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Biennials live for 2 years, whereas perennials live for longer. As a general rule, biennial and perennial seeds should be sown in spring, but some can be sown in autumn as well. Many varieties will self-seed after flowering, giving you even more plants!
Lord Anson's Pea
Lathyrus nervosus, Sweet Pea
A highly desirable and sought after half hardy perennial with handsome, clear blue sweet pea flowers on completely wingless stems. The scented blooms of Lathyrus nervosus are produced in profusion throughout summer, beautifully complimented by leathery grey-green foliage. Lord Anson’s Pea has a sprawling bushy habit that makes it ideal for weaving through shrubs or romping over low walls and hedges. Height: Up to 5m (15’). Spread: 30cm (12").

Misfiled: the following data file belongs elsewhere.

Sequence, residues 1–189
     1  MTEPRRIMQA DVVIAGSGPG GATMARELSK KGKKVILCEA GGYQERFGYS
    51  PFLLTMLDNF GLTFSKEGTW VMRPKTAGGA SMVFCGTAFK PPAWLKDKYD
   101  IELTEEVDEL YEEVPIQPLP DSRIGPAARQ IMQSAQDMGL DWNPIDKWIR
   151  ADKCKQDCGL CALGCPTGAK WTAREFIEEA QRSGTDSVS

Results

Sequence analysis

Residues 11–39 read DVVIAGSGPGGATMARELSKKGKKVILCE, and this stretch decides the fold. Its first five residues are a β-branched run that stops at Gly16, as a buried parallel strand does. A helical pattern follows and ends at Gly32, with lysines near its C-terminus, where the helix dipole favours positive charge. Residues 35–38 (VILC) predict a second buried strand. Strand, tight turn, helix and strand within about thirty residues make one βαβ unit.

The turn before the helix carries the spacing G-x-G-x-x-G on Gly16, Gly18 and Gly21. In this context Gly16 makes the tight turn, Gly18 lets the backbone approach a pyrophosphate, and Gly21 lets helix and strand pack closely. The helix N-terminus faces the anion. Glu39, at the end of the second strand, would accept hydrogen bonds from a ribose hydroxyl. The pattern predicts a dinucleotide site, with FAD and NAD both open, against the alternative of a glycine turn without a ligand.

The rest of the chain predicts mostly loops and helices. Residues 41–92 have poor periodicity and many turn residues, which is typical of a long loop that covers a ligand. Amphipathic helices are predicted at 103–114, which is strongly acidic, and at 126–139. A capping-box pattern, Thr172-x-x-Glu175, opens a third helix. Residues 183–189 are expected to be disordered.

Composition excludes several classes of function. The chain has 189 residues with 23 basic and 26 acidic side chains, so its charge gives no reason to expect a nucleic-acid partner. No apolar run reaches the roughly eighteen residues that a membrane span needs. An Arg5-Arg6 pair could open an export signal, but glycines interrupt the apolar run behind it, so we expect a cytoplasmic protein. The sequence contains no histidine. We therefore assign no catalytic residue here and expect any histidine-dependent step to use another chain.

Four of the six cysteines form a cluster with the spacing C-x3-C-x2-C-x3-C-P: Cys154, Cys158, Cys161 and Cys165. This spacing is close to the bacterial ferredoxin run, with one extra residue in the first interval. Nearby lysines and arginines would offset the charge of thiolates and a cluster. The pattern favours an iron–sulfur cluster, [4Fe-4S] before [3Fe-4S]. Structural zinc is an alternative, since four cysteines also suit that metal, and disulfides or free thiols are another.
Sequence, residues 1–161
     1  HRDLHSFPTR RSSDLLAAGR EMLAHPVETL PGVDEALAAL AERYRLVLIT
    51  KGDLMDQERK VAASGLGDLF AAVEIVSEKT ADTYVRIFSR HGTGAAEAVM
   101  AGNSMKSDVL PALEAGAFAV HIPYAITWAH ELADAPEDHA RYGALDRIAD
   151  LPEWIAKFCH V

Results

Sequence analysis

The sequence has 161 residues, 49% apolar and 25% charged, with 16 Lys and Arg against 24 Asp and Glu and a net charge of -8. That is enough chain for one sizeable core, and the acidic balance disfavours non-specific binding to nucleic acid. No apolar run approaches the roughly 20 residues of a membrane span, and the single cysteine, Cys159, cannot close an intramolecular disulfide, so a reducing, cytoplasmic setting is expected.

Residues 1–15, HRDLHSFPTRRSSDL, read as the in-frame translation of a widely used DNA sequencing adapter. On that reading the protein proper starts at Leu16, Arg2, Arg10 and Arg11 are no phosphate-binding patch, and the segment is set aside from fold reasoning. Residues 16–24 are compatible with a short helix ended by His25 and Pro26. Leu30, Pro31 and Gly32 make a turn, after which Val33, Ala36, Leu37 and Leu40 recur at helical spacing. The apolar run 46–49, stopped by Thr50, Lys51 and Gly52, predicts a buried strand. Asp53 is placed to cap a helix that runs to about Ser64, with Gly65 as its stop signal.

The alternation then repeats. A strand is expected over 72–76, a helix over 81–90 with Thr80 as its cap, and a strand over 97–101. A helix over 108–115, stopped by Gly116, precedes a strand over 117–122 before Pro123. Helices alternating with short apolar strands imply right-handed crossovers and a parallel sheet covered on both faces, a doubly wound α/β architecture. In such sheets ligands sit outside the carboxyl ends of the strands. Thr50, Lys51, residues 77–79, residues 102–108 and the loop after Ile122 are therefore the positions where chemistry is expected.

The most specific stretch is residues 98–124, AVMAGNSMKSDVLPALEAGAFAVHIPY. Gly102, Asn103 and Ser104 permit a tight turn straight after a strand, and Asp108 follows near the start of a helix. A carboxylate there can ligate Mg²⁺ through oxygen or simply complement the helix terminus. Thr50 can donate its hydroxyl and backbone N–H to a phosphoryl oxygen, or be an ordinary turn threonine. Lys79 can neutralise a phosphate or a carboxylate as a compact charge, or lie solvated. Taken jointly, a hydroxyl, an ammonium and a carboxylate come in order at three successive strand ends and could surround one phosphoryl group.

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Heteropappus meyendorfii 'Blue Knoll'Seed of this amazing new garden plant can be sown early in the year* and by the same autumn will be completely smothered in hundreds and thousands of shiny, light reflecting flowers, forming perfect mounds (or knolls) 30cm (12in) high and 45cm (18in) across. During a season when little else is in flower, they are a perfect fit for a change in containers or will brighten up the border, looking like blue charm chrysanthemums. No matter what the weather conditions - torrential rain, snow or frost they continue to look far and away the best, brightest plant in the garden, even right through November. *Sow during January/February to flower in October/November. Sow September/October to flower following September/October. More info
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